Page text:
“The nature of the people doing that kind of one-off, small-job type of work isn’t relatively new,” Dunn said. “There were always house painters that were going out and finding house painting work; there were always musicians going out and finding a gig. My aunt did sewing piece work. It isn’t new, it’s just the way that it’s organized.”

Neither of these surveys digs into what the jobs are. While there are industry breakdowns, there’s no differentiation between pay levels. The industry listed also depends on the company — an accountant job in a construction company would be included as a construction job, not finance.

And then there are the layoffs, which aren’t directly measured by the surveys.

“If company X announces they’re laying off 20,000 people, we’re not necessarily going to see a fall-off of people in that industry the next month,” said Carson Wilson, a BLS economist who works on the Establishment survey. In addition, “We’re measuring net employment change. If company X is laying off and company Y is hiring, you won’t necessarily see it.”

You also won’t see it, he noted, if it’s layoffs that are “out of scope” for the survey - such as contractors, overseas workers. And the layoffs may take place over many months, so the job loss won’t show up all at once.

The jobs numbers, in short, are themselves just one data point in determining the overall health of the economy, Wilson said. So what do the data show?

Since April 2020, which marked the end of the “covid recession” - i.e., when the jobs market hit rock bottom and employment started to recover - the jobs reports were mostly rosy. From February to April of that year, employment fell by 21.9 million. That’s how many U.S.-based jobs were lost in just over two months.

Statistically, the U.S. economy has since regained all those jobs and added another 5.8 million jobs.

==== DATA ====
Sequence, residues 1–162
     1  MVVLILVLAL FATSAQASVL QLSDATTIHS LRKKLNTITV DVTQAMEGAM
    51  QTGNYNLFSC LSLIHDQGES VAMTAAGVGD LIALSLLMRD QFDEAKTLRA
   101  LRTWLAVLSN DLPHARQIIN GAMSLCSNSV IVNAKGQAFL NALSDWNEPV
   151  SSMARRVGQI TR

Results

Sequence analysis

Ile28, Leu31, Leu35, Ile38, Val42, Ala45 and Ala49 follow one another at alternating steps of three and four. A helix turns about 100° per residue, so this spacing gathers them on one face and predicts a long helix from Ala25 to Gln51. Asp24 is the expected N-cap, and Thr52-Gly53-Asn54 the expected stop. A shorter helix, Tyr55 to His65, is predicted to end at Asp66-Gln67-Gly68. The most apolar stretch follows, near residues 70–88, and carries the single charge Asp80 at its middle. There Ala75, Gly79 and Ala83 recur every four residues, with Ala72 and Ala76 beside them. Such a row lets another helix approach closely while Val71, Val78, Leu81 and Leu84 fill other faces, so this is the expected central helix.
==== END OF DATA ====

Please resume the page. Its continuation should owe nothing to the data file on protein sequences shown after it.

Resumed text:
That doesn’t mean the jobs are at the same pay grade as before, or even in the same industry. It’s a raw number. A data point. Some industries have not yet recovered — ”accommodation employment” (such as at hotels) is still 180,000 jobs below February 2020, while hospitals have gained about 279,000 jobs. That counts as a net gain in jobs, though that may be small solace for those in the hospitality industry.

The March report, released April 8, showed about 829,000 more jobs added to payrolls. These are actual jobs that people are working in, not the seeming “ghost jobs” that the Wall Street Journal wrote about last month.

Robynn Storey, who’s operated Storeyline Resumes since 2000, said she doesn’t know where those recovered jobs are, but too many of the roles posted for more experienced workers feel like those ghost jobs.

“If you’re boots on the ground like we are, and talking to people who have long-term careers … they’re four, five, six, eight, 12 months into a job search and cannot get an offer,” she said, noting that one client, a woman over 50, recently lost her housing and ended up in a shelter.

“What we’re seeing here now is that people are sort of losing hope,” Storey said. “It’s just such a weird time. I don’t know how to describe it.”

Santos said that what’s significantly different about the job market now for experienced workers - besides the length of time it takes to actually get hired - is how emotionally grueling the process is.

“When you get down to the actual human experience of looking for a job in tech in 2023-24 … so many people now are putting in more than the effort they would have put in two years ago, three years ago, four and getting borderline inhumane responses if they get any response at all,” Santos said.

One automated rejection email he got was addressed, “Dear [First name]”. “That kind of insensitivity to the process,” he offered, “is different now than it ever has been before.”